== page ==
HPV Vaccine: The Science Behind The Controversy
Key Excerpts from Article on Website of NPR
Posted: January 25th, 2016
The first vaccine against human papillomavirus, or HPV, which causes cervical cancer, came out five years ago. It has become a hot political topic. Behind the political fireworks is a quieter backlash against a public health strategy that has won powerful advocates in the medical and public health community. Many find the public health case for HPV vaccination compelling. But Dr. Diane Harper, a professor at the University of Missouri-Kansas City School of Medicine, says the vaccine is being way oversold. That's pretty striking, because Harper worked on studies that got the vaccines approved. And she has accepted grants from the manufacturers, although she says she doesn't any longer. Harper changed her mind when the vaccine makers started lobbying state legislatures to require schoolkids to get vaccinated. "Ninety-five percent of women who are infected with HPV never, ever get cervical cancer," she says. "It seemed very odd to be mandating something for which 95 percent of infections never amount to anything. Pap smear screening is far and away the biggest thing a woman can do to protect herself, to prevent cervical cancer," she says. Apart from the comparative advantages of vaccine versus Pap smears, Harper has another objection to mandating early vaccination at this point. She points out that studies so far show the vaccines protect for four or five years. Young women may need a booster shot later. As it stands now, Harper says, vaccinating an 11-year-old girl might not protect her when she needs it most - in her most sexually active years.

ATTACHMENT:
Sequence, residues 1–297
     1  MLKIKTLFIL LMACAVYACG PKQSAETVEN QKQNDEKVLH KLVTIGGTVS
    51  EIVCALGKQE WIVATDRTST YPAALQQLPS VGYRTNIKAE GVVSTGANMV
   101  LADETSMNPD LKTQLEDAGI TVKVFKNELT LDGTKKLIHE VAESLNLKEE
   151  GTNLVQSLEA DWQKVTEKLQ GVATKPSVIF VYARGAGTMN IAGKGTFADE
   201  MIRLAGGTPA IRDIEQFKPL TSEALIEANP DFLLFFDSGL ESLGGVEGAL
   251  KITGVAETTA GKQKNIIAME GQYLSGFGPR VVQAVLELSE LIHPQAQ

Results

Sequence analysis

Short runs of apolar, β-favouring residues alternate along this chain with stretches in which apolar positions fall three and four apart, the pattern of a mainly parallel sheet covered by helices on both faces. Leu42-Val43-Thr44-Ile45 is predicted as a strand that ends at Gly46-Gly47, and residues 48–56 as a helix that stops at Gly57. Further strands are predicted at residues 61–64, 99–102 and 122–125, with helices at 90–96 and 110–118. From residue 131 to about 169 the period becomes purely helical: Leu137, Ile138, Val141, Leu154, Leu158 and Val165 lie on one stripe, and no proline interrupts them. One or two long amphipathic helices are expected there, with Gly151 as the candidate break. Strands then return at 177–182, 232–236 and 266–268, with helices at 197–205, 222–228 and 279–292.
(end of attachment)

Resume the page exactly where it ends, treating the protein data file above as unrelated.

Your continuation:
Note: Read a more recent article on why the Gardasil vaccine may not be a wise choice. Merck, the company behind Gardasil, had to suspend a questionable lobbying campaign to make vaccination by this costly drug mandatory back in 2007. For more along these lines, see concise summaries of deeply revealing vaccine controversy news articles from reliable major media sources.